Abrams has said that she would decide by September whether to run for president. Although 21 of her fellow Democrats are running or have formed a presidential exploratory committee, with Biden the most recent and most popular entrant, a recent Washington Post-ABC News poll found that most Democrats and Democratic-leaning voters are uncommitted to a candidate.
The first female leader in the Georgia General Assembly and the first African American leader in the state House, Abrams also could wait for a rematch with Kemp in 2022. Many of her supporters believe that is the job she really wants, and she has said in interviews that she believes it is important for progressive political figures to fight for change in red states with growing populations of people of color.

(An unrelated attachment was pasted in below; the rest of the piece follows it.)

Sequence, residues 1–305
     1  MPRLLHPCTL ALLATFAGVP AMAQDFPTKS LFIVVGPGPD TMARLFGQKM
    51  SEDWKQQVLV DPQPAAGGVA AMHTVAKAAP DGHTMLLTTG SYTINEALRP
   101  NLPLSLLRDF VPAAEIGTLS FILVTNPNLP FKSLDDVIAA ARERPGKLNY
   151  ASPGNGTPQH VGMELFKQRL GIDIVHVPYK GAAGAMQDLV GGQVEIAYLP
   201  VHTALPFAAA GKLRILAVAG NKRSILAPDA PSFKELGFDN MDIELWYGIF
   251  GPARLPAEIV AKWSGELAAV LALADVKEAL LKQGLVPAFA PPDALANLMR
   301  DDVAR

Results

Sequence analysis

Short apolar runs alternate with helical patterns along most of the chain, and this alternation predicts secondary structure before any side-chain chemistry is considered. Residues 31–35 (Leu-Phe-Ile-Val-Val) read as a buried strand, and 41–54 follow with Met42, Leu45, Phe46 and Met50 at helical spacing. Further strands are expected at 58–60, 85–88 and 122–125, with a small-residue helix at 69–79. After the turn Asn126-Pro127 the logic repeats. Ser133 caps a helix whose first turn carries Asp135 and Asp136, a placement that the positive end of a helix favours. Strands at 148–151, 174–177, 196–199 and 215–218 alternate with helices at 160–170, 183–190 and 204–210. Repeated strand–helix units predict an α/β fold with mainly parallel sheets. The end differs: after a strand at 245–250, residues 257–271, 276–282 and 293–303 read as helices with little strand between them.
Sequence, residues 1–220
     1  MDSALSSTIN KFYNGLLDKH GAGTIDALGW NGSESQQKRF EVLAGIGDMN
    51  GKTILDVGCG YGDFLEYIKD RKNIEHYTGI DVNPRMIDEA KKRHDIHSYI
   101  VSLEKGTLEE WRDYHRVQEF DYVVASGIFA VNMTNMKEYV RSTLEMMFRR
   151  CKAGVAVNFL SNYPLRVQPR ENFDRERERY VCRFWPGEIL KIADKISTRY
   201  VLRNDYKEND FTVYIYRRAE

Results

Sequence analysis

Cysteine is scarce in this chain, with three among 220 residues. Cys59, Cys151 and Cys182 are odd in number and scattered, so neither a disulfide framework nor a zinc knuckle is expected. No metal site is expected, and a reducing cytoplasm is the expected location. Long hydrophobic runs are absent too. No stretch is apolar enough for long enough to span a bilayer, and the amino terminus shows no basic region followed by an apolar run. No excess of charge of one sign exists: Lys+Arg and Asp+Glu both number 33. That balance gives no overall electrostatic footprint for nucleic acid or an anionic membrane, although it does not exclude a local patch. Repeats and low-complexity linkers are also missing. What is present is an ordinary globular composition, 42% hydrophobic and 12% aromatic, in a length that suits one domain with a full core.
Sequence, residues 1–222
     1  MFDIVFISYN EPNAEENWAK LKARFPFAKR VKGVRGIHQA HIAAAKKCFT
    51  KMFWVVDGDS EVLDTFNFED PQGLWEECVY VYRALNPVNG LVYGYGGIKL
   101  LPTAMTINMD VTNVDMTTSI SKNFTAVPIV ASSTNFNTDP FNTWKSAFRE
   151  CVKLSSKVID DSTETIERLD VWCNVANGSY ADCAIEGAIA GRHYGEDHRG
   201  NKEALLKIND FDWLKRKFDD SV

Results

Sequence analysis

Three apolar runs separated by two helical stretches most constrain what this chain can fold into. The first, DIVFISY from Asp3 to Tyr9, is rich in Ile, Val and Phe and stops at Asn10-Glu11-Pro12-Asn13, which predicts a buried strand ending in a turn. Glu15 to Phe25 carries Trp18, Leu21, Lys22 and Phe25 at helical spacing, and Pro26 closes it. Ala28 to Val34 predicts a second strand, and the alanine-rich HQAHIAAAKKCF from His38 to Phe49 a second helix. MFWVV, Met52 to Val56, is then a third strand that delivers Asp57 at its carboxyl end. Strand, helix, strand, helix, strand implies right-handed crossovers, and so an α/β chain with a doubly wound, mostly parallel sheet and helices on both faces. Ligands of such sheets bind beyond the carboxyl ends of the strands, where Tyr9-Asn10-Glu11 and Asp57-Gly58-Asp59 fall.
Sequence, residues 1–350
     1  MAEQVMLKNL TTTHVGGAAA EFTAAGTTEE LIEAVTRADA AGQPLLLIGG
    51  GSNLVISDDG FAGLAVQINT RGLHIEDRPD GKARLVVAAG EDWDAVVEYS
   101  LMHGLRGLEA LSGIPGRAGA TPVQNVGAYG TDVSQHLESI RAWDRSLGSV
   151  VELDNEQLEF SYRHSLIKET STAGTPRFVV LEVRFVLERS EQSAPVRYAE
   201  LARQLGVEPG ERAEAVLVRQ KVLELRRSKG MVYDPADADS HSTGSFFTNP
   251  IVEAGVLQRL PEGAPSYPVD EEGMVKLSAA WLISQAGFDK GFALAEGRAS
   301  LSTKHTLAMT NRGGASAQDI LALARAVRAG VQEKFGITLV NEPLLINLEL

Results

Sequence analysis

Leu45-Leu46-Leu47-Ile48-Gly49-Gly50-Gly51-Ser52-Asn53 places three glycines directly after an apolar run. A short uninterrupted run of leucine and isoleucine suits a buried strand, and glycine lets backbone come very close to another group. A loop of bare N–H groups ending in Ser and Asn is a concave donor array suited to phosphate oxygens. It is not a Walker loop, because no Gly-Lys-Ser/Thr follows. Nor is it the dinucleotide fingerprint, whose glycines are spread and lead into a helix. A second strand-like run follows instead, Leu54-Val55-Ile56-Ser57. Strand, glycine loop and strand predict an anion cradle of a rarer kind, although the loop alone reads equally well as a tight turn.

“While I still don’t know exactly what’s next for me, here’s what I do know: Democracy in America is under attack. Voter suppression is rampant, and it is real,” Abrams said in the video. “Over the coming weeks, you’ll be hearing more from me and my team about groundbreaking initiatives to protect the right to vote and to increase the participation of Americans in setting the course for Georgia and the future of our country.”
Abrams’s decision is a blow to Democrats’ hopes of retaking the Senate majority in 2020 — and a personal setback for Schumer, who spent months trying to gently cajole Abrams into joining the race.
Democrats need a net gain of three seats to claim a majority if they also win the presidency. With GOP incumbents defending Senate seats next year in only two states Trump lost in 2016 — Colorado and Maine -- Democrats are eyeing states such as Georgia, where they have been inching closer to statewide wins, as a crucial element of their Senate strategy.